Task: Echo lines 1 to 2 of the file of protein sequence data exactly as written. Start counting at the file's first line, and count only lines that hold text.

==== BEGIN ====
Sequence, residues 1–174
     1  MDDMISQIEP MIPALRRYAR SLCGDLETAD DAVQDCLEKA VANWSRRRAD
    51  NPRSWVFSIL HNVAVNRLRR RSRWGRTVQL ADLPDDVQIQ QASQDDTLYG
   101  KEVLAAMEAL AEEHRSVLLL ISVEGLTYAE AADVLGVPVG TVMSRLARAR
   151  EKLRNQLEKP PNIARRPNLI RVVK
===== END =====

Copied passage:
Sequence, residues 1–174
     1  MDDMISQIEP MIPALRRYAR SLCGDLETAD DAVQDCLEKA VANWSRRRAD